Settled in our seats, Jenn and Hunter beside one another and me alone behind, I reach around to give Hunter a reassuring squeeze on the shoulder.  I can’t find her.  My hand takes in the situation: the shoulder restraint designed to keep passengers in is on either side of Hunter’s body.  Her head barely makes it above the restraint.  Outwardly, I say, as I squeeze “This is going to be so much fun!” and inwardly, “What have we done?  This can only end badly!”  I want to ask the cast member if there aren’t some pillows we can stuff around her wee body but we are suddenly propelled out of the space dock and into the terrifying darkness of space.  My hand won’t leave Hunter’s shoulder.  I try to pull it off, but I can’t.  It’s locked in place by some paternal protective mechanism.  I don’t know if Jenn is holding her or not, but I’m not about to let go.  We zoom up hills and plummet down their other side.  I swear I can feel Hunter sliding between the shoulder restraints.  Another upward swoop and then the bottom falls out of the coaster and we dive down again.  Please, god, end this ride now!  It feels like we’ve been to Mars and back by the time the coaster glides into the dock at the end of the ride.  We are all intact and accounted for, although judging by the looks on our faces in the pictures they took during the ride, we all had our doubts.  The walk out of Space Mountain was long enough that we emerged into the sunny and hot Florida afternoon jitter-free.  It was a beautiful day, we were on vacation – our first ever – and dammit, as much as I hated to admit it, I was having fun.

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Making our way to the Parade of Lights, we stopped on a bridge to watch the castle change colours.

We ran all over that park.  Whirling on Mad Hatter tea cups and riding more sedate coasters.  We spied princesses from afar and toured the treasure-strewn wrecks of Caribbean pirates.  We drifted though a Small World and down jungle rivers fraught with peril at every turn.  Our day finally ended seated in front of Cinderella’s castle.  We had just watched the parade of lights go by, the stars were out and the fireworks were just about to start.  All evening long, from the various vantage points throughout the park, we watched the castle undergo its colour change.  It really was a striking landmark, made even moreso by the constantly changing lights that shone on it.  We sat in front of it as the fireworks exploded behind it, Hunter on my lap and Jenn leaning into me, and I thought that really, the day couldn’t have been better, even though we had spent it on some cheap swampland in Florida.

Catching up after a long absence

It has been a long time since I have been able to update the blog: we have no Internet service due to, I am told, tree leaves blocking our signal. The only solution is to get a fifty-foot tower to raise our receiver above the tree line. The problem is, you don’t just trip over those sorts of things in your daily travel. So I am going to have to update from my phone for the foreseeable future, which I’d rather not do for several reasons, not the least of which is the amount of data I’d use uploading photos. A lot of this sounds like First World problems, I know, so I’ll just have to suck it up, I guess.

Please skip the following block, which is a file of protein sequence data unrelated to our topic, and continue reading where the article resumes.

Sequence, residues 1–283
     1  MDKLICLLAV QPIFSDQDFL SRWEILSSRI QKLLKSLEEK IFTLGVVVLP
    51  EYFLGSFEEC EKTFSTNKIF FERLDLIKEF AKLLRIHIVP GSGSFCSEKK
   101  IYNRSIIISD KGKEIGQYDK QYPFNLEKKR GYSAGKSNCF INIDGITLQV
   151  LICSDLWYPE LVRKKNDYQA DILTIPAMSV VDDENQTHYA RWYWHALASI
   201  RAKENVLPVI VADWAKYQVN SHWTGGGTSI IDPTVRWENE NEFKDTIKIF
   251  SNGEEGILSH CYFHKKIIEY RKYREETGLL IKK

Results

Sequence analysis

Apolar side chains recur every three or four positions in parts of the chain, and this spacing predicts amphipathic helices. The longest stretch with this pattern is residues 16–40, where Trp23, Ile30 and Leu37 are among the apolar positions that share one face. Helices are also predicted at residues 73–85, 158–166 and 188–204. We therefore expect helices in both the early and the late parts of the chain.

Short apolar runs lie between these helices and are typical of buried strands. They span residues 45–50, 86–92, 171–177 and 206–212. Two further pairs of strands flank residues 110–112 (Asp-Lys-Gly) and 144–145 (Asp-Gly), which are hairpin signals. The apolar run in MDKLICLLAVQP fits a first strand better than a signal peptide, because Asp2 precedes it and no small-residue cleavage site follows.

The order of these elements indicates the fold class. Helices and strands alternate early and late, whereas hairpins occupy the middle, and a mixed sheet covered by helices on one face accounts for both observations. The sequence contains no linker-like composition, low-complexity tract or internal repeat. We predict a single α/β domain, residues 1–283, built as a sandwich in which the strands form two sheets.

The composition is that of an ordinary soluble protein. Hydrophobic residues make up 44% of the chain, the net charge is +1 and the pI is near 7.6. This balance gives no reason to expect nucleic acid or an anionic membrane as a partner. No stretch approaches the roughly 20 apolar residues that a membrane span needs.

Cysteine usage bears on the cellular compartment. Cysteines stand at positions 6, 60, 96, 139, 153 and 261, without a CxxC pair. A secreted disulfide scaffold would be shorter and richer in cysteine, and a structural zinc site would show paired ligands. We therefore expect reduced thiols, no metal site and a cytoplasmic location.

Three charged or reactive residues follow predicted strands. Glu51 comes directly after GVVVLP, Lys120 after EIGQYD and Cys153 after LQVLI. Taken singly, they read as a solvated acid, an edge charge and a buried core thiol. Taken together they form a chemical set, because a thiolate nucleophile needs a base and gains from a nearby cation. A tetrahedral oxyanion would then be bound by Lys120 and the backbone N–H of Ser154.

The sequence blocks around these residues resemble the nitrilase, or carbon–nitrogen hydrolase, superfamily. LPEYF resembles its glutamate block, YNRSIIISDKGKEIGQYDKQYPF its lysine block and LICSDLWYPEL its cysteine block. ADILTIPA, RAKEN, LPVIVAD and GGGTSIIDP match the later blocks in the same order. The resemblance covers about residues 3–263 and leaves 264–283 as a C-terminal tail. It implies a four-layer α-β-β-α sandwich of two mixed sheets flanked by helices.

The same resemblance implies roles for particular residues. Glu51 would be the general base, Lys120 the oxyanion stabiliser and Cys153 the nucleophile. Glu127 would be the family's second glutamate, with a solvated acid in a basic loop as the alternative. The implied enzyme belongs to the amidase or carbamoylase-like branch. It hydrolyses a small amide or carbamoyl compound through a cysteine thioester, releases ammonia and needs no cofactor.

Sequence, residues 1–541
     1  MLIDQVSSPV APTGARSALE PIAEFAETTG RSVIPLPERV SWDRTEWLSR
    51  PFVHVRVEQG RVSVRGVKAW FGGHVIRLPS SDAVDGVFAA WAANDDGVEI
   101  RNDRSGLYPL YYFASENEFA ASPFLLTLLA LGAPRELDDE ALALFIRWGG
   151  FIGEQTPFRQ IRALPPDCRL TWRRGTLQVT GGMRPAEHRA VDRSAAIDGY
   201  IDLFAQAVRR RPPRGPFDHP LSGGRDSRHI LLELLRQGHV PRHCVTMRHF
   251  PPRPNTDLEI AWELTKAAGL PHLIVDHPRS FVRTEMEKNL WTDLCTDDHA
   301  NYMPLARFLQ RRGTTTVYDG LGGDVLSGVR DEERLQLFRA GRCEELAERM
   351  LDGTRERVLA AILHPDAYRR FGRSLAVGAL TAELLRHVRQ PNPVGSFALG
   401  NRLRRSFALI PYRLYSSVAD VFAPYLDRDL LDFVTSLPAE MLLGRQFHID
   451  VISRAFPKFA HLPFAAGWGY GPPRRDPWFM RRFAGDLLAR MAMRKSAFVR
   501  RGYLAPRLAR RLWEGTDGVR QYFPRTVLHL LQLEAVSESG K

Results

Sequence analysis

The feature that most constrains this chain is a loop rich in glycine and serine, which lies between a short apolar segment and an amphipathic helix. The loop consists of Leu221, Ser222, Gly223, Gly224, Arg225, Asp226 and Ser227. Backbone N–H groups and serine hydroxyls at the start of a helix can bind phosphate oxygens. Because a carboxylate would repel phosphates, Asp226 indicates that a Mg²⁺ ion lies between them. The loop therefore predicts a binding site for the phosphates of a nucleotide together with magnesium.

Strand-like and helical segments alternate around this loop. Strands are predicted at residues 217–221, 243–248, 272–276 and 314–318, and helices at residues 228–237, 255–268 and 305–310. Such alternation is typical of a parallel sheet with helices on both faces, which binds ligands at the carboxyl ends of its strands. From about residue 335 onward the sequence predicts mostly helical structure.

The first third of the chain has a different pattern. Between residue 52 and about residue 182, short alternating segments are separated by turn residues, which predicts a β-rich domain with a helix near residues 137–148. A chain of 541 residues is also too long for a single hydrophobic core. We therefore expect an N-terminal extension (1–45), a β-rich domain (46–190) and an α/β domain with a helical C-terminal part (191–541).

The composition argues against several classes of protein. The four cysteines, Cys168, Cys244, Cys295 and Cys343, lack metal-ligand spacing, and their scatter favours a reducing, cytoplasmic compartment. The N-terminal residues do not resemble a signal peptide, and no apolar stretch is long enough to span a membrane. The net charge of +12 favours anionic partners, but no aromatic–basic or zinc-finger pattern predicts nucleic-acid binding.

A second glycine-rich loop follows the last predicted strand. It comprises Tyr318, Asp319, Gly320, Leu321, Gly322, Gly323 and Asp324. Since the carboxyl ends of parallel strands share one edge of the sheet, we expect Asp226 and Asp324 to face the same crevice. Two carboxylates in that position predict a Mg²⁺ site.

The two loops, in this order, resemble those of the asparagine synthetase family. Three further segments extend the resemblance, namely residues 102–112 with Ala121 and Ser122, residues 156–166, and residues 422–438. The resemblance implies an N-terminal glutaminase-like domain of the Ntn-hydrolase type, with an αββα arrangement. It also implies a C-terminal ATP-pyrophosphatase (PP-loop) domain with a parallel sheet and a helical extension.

Just briefly, by way of quick update, we returned from a ten-day vacation to Florida (Disney included) on the tenth of May. We had a fantastic time driving down and back, visiting Disneyworld and the beaches Florida has to offer. It was the first vacation Jenn and I have had since we were married almost ten(!) years ago.

We we’re only home for a week and a half and our chickens arrived. After taking the summer off from raising any animals last year, it’s nice to see them back again. We presently have fifty two meat birds, fifty un-sexed chickens that will be our layers (the roosters will be sold at a fall auction, I think). To be honest, I forget the type of chickens that they are, but all of them are Easter-eggers, which, if you remember from several years ago, are the ones that lay the coloured eggs.

We also have six turkeys. We had a dozen but Jenn sold half when when she couldn’t get a slaughter date for them closer to Thanksgiving.

And pigs; we are apparently getting pigs. I have resisted pigs for years because I don’t really enjoy thee smell or the mess they can turn your fields into. But Jenn assures me that these guys, a Tamworth/Berkshire cross don’t need a wallow and that they will be kept in a movable pen to help keep our fields trimmed. In the Fall, after our garden has been harvested, we will move them there to hopefully eat the leftover plants and weed roots. We let our garden grow in last year and it was a deplorable mess that took a long weekend to get ready for planting.

Boris, our newly acquired, retired sled dog had his eye removed shortly after our return from Florida. Don’t come to our place if you want to keep your eyes. He had been suffering from uveitis and a luxated lens. There was no repairing it and to keep it intact would have caused him discomfort. Happily, his surgery went well – we have recently found some amazing local vets – and he is now fully recovered and back to normal. Both Oly and Olive are also back to normal.

Here is a video I made a while back. Hopefully, it works being uploaded from the phone: